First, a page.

The Ritualists play some determined, strong-willed music
After listening to Painted People by The Ritualists, I was very surprised to learn that this is their debut album. This band shows a maturity in their music that I would not expect from a first album and provides inspirational sounding tracks with ‘reach for the stars’ type of guitar riffs. I hear a modern version of U2 in The Ritualists, along with an influence of Radiohead. Their songs are full, wholehearted post-punk hooks with a lead singer that has a sizeable range.
“Rattles” opens the album, and it’s the type of song that shows their audience that they are here to stay. It has a great build-up of excitement and intensity. The band explains that this song is “A combination of dark, deep-pocketed verses juxtaposed with big, flashy choruses is a key element to tracks”.
“Ice Flower” and “Worthiest One” welcomes an electronic wave to the album and showcases just how impressive lead singer Christian Dryden’s range is. His ability to hit those high notes with such conviction puts my falsetto abilities to shame. “Worthiest One” brings this sort of nostalgic feeling- it’s a rock ballad with a floaty guitar riff.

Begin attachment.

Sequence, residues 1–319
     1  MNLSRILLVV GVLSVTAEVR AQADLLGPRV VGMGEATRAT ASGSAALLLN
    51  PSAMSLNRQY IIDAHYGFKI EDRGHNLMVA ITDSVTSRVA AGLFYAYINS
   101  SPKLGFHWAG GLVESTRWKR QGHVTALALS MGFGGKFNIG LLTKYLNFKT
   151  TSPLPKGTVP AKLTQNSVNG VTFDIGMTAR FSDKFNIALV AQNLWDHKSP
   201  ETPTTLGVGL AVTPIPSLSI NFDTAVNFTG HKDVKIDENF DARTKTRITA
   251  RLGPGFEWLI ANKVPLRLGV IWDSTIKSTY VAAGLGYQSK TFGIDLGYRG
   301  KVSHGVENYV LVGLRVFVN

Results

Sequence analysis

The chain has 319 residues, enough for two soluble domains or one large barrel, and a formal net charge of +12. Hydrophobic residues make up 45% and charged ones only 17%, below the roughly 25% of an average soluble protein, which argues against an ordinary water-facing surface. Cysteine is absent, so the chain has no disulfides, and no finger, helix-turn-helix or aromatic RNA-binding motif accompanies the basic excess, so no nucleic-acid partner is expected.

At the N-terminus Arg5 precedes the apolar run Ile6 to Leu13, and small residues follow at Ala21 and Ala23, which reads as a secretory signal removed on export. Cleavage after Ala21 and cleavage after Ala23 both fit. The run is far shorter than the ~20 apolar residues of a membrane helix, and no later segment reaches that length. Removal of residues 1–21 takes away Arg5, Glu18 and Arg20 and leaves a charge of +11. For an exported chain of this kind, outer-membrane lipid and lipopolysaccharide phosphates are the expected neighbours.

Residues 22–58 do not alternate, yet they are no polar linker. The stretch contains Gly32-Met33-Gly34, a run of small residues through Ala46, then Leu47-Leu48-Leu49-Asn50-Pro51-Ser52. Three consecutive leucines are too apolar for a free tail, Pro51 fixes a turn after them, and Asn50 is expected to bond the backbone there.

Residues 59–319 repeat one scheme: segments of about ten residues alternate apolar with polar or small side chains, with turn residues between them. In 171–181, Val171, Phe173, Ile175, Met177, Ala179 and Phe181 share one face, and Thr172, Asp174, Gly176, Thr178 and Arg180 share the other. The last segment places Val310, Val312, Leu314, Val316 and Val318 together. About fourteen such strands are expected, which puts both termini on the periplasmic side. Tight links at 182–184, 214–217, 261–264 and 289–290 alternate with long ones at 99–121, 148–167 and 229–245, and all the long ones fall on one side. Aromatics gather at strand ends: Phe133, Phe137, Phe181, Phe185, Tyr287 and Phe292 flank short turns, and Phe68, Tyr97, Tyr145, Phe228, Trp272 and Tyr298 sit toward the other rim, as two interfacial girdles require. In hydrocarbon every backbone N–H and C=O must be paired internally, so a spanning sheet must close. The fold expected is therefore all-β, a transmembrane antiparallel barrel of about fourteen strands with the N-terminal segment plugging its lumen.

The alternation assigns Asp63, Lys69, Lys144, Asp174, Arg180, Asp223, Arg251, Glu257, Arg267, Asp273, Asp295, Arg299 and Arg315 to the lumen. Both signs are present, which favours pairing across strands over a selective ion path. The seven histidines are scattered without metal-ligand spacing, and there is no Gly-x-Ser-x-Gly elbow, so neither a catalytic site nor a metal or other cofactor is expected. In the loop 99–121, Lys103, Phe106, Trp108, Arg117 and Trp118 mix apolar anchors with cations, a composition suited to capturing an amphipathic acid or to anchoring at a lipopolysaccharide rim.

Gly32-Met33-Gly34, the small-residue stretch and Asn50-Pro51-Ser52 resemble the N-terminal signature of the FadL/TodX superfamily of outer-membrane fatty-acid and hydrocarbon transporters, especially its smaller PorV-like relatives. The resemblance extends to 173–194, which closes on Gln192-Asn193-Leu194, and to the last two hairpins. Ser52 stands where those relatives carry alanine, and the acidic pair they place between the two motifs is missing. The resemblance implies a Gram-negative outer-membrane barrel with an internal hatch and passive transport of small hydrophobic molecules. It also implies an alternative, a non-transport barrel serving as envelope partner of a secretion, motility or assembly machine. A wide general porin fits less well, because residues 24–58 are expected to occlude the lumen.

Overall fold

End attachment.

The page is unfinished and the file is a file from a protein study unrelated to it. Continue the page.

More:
“She’s The Sun” is a great follow-on from “Worthiest One” as it transfers the mood upwards and directs the music into more of a hypnotic vision, which conveys “the band’s inner Sixties Love Child”. “I’m With The Painted People” has a really relatable background to the song. Dryden felt a larger than life inspiration from people like David Bowie and Simon Le Bon, these artists felt like soulmates, which can be lonely at times. It wasn’t until he ventured out into the clubs of the lower east side of New York which helped him feel comfortable to express his creative vision freely. The song is all about finding like-minded people.